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As more companies route calls to people working at home or in different locations, security and the quality of service need attention, experts say.“The reality of call centres today is you need a lot of remote capability for people who are going to work off-site,” says telecommunications analyst Jon Arnold, principal of J. Arnold & Associates of Toronto. “The cost of building centres is pretty expensive.”
But some companies are reluctant to allow contact centre agents to work from home because they are concerned customer data could end up in the wrong hands, says Tracy Fleming, national IP telephony practice leader for Avaya Canada Inc. “We’ve seen customers go to the point where they don’t want a home agent simply because of the possibility of customer data being displayed on a home PC and the possibility of that person walking away and another family member walking in and inadvertently seeing sensitive customer data.”
Those who decide to employ home workers should give the agents as little hardware as possible, and try to route calls and customer information through software, she adds.
“If you have a 500-seat call centre with 500 bodies in it, that’s one thing, but if you have 500 homes and each home has two or three pieces of corporate equipment, you’ve just made asset management a nightmare.”
Regardless of how a home worker is set up, network administrators need to think about how the remote agent’s phone is connected with his or her computer, Arnold says. “The telephony environment and how that ties into the computer is really critical. You don’t want them sharing a home line with this, and having to interrupt calls to take personal calls.”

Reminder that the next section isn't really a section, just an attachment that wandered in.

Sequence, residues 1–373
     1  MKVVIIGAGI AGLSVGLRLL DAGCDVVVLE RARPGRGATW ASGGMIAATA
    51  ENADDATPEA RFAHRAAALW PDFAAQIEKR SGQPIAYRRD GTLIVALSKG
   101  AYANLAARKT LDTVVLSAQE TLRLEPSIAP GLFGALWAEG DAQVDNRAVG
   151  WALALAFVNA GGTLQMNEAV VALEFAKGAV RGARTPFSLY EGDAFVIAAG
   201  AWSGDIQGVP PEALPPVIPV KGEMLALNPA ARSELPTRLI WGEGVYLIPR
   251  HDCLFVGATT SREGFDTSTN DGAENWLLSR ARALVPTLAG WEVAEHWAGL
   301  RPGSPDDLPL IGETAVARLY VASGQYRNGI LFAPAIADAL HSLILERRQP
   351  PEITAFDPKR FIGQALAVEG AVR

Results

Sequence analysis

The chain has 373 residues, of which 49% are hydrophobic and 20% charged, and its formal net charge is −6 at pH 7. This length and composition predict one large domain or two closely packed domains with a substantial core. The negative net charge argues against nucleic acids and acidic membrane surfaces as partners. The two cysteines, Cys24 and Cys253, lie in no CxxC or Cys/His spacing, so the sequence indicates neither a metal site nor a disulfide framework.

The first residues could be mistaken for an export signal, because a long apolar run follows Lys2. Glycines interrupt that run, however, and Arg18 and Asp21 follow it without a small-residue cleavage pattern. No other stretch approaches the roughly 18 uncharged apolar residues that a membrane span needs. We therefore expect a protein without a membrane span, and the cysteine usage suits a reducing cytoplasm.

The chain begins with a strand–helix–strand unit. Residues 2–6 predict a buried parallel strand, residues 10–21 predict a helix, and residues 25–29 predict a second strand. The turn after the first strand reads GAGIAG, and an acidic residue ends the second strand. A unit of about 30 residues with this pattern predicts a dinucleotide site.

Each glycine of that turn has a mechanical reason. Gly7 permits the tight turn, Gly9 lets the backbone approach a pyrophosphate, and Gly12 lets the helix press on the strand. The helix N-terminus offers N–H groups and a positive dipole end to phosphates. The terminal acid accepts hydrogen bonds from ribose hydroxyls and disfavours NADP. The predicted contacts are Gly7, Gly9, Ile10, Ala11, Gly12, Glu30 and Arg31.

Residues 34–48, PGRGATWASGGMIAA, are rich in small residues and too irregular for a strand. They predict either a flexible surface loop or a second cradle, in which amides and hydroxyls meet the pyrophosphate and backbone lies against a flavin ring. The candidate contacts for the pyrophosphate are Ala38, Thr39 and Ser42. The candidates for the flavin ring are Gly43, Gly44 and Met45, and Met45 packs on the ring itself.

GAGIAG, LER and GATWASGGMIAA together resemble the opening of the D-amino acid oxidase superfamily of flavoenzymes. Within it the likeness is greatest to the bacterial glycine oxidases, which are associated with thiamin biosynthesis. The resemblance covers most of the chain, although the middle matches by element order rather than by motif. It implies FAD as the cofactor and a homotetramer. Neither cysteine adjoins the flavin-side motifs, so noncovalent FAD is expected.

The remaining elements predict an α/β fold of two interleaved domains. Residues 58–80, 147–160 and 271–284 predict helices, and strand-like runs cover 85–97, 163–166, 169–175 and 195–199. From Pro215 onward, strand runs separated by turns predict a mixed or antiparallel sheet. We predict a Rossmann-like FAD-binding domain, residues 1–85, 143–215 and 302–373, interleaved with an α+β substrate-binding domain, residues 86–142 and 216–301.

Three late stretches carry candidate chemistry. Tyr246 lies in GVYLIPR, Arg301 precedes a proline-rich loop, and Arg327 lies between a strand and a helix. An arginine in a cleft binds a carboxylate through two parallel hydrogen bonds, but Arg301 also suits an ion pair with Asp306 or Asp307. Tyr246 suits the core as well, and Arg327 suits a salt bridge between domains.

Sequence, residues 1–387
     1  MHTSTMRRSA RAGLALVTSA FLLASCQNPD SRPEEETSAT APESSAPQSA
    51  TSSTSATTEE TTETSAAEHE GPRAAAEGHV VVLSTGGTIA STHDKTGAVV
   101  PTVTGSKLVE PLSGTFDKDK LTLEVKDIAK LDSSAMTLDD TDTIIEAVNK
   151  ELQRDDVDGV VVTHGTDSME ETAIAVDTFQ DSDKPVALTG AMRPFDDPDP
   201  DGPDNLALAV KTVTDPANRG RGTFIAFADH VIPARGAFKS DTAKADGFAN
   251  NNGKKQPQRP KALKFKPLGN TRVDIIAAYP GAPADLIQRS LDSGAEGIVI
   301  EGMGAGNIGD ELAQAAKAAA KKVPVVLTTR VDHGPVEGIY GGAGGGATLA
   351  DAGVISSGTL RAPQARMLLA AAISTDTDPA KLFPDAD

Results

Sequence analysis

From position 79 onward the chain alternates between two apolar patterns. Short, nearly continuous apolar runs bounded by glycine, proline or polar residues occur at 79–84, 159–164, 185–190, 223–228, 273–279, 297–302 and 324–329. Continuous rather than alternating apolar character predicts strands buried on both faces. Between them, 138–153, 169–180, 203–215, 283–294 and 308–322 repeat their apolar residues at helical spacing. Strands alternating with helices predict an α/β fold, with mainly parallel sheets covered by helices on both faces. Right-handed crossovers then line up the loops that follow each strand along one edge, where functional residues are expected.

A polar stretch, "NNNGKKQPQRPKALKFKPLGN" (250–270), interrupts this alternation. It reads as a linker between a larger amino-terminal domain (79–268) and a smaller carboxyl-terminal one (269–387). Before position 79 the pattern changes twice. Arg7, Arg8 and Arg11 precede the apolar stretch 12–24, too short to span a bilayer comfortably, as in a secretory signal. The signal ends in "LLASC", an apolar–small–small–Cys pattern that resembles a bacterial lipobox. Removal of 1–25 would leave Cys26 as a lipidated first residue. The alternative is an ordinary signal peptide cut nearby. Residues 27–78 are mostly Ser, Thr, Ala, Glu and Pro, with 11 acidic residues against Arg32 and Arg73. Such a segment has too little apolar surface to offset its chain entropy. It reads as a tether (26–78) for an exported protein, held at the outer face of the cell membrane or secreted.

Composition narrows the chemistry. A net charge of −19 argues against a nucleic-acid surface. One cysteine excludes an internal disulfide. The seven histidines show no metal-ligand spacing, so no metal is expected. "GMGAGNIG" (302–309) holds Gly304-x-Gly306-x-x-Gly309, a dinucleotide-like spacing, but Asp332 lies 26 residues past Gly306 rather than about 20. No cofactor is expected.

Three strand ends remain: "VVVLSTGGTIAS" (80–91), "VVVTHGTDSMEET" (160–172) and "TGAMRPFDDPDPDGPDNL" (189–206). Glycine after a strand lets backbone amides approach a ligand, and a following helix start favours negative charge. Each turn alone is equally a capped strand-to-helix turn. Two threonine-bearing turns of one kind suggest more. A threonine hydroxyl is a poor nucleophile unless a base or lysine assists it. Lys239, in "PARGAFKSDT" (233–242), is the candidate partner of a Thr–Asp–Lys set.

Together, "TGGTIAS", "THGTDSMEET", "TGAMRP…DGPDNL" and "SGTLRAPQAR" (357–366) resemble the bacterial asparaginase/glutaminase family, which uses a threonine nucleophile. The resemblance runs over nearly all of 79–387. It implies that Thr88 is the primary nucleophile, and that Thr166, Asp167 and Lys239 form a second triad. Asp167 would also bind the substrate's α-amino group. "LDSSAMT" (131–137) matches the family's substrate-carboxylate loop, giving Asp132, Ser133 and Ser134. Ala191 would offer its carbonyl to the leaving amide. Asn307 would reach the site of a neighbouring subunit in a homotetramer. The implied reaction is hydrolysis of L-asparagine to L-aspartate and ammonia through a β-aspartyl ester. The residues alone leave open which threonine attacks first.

Arnold added Internet Protocol (IP) has several advantages over time division multiplexing (TDM) systems, including the ability to combine voice and data services.
“You can pull up customer records instantly” and access information on a customer’s previous inquiries, Arnold says. “You can call up information on a local database about that customer and, during that call, run other resident applications that you may have to sources apart from a remote application. You can do all these things in real time when you’re on the phone.”
IP also makes it easier to connect remote workers to call centres, says Betsy Wood, evangelist for multimedia applications at Nortel Networks Corp.
“With an IP phone or a soft phone on a PC, I can plug in anywhere I have secure Internet access,” she says. “If I have my PC with me, or if I have my communication device, anywhere I have broadband Internet access that’s secure, I can be working.”
To make the access secure, companies need to install virtual private networks (VPNs), Fleming says, adding IP communications over a VPN will not necessarily have consistent quality.
“If the person’s sitting in Owen Sound on a VPN connection, there’s no guarantee that you’re going to get eight hours of solid, toll-quality voice,” he says.
“If somebody’s called in to buy the next widget, and (the agent) is currently having a brownout on their Internet service, is that acceptable?”
As a result, he said, some companies give remote workers the ability to move calls over to the public switched telephone network (PSTN) if something goes wrong with their voice over IP service.

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